Stories that Shaped my Faith
Your Joy is Sorrow Unmasked
by Whitney Hall | July 20, 2017
It’s been more than a decade since I first discovered The Prophet written by Lebanese poet Khalil Gibran and published in 1923. But in all that time it has never been far from my thoughts.
The book begins as the titular prophet is preparing to leave the island where he has waited twelve years for the ship that will carry him home. Before he departs, the people gather around him, asking for final words of wisdom that they might pass on to their children. The prophet consents and answers their questions with short ruminations—which like all good teaching raises more questions than answers. Together they ponder queries on life and work and clothing and laws and self-understanding and God and religion. The words resonate with the deep mystery that is so often only present in poetry.
Many of those words have given me strength and hope in the past ten years. Gibran’s depiction of joy and sorrow echoes the words of C.S. Lewis, who writes so beautifully about the heights and depths of joy and grief. In one portion Gibran writes about the flute that cannot make music without the knife to first hollow out the instrument. As a pastor I have returned to these words again and again. My own experience with grief has taught me humility because to experience sorrow is to admit that things are not as I would wish them to be. That has been true in moments when I have failed and when others have failed me. And it was true when the grief of my parishioners weighed heavy on my soul.
Joy and sorrow do not exist on opposite ends of a spectrum—rather, they are intimately connected.
I have learned that I cannot hold on to moments of joy any more than I can hold on to water in a clenched fist. In moments of sorrow I have learned to turn my eyes to the horizon in hope of what might be restored.
Recently my work has transitioned from traditional congregational ministry to spiritual and bereavement care in a hospice program. In this setting the questions of joy and sorrow are so intertwined with the end of life that I quote Gibran almost daily. Often my patients and their families ask me how they should experience the loss or impending loss that is surrounding them. Sometimes they are conflicted, feeling guilty for any emotion they feel that is not sorrow. They note that they feel both relief and sorrow, laughter in the midst of grief. I tell them it’s okay to feel all of those things at the same time. In truth, such emotions do not exist on opposite ends of a spectrum as we might imagine—rather, they are intimately connected.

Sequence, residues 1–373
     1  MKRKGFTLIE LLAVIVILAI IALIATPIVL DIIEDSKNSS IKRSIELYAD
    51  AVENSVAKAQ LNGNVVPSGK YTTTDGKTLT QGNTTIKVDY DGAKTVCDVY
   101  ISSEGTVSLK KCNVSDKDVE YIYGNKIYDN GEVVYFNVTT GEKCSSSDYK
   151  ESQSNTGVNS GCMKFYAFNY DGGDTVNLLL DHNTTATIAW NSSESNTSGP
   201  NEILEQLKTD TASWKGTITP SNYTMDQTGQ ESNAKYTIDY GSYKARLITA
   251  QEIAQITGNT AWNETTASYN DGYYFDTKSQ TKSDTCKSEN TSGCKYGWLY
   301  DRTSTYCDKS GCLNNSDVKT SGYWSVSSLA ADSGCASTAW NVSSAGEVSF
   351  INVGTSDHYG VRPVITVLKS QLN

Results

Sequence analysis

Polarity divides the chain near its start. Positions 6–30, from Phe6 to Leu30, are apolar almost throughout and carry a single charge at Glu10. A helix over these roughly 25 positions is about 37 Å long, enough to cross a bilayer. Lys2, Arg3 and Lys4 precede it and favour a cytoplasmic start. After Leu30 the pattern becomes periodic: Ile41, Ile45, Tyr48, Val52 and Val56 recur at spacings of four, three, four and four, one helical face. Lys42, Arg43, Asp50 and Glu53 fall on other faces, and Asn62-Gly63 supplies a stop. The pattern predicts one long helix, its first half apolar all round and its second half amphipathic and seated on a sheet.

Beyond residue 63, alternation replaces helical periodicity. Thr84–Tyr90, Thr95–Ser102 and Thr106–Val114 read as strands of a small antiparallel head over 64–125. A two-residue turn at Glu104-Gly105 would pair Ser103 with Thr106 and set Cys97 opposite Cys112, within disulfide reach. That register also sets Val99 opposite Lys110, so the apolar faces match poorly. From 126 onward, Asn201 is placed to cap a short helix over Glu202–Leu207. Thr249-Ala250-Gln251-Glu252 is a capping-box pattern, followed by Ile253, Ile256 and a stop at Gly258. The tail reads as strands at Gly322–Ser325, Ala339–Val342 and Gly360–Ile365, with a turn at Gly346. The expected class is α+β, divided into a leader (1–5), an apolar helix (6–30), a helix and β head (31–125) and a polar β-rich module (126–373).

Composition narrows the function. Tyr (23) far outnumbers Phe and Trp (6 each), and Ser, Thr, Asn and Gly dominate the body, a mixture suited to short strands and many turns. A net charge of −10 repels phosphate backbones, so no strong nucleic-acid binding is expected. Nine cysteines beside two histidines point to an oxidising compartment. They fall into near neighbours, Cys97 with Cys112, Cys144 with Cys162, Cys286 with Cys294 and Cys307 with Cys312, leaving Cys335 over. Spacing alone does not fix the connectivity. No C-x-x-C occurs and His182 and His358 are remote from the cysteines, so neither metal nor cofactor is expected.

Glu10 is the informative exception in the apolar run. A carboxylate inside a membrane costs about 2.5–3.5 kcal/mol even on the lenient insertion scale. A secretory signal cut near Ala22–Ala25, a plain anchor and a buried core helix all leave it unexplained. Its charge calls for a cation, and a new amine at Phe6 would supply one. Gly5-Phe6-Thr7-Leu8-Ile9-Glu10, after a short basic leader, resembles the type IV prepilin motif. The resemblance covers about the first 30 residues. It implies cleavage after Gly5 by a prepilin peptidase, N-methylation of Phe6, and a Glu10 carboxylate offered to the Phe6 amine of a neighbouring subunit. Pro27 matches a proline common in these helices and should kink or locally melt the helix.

Gibran writes, “Your joy is your sorrow unmasked. And the selfsame well from which your laughter rises was oftentimes filled with your tears.” The poet reminds us that joy and grief flow from the same well. Understanding this truth has allowed me to be a better pastor and caregiver. It has enabled me to understand my own grief of loss and how that mirrors experiences that have brought me deep joy. I have learned to experience my own grief of being unmarried as a sorrow that exists alongside a more deeply felt joy of treasured friendships. By recognizing that grief I have been better able to give love to those around me who might be in need of tenderness. This recognition of the interplay between joy and sorrow has been transformational for me.
Toward the end of the passage Gibran writes, “When you are joyous, look deep into your heart and you shall find it is only that which has given you sorrow that is giving you joy. When you are sorrowful look again in your heart, and you shall see that in truth you are weeping for that which has been your delight.” We know deeper sorrow for we have known deeper joy, and we have known greater joy for we have born deeper sorrows.
I am reminded of this truth when we meet Jesus in the gospel stories post-resurrection—stories that often seem to me to be filled with a kind of joyful mischief as Jesus pops in and out of rooms and dinner and bestows forgiveness and grace in abundant measure. Perhaps Jesus’s joy is so obvious because he has come through his greatest sorrow.
I remind my patients—and myself—that when we grieve, it is a sign of love. And love is a reason for joy even when it cannot help but bring grief. I am thankful that though sorrow lasts for the night and will come again, its partner is joy, which comes again in the morning.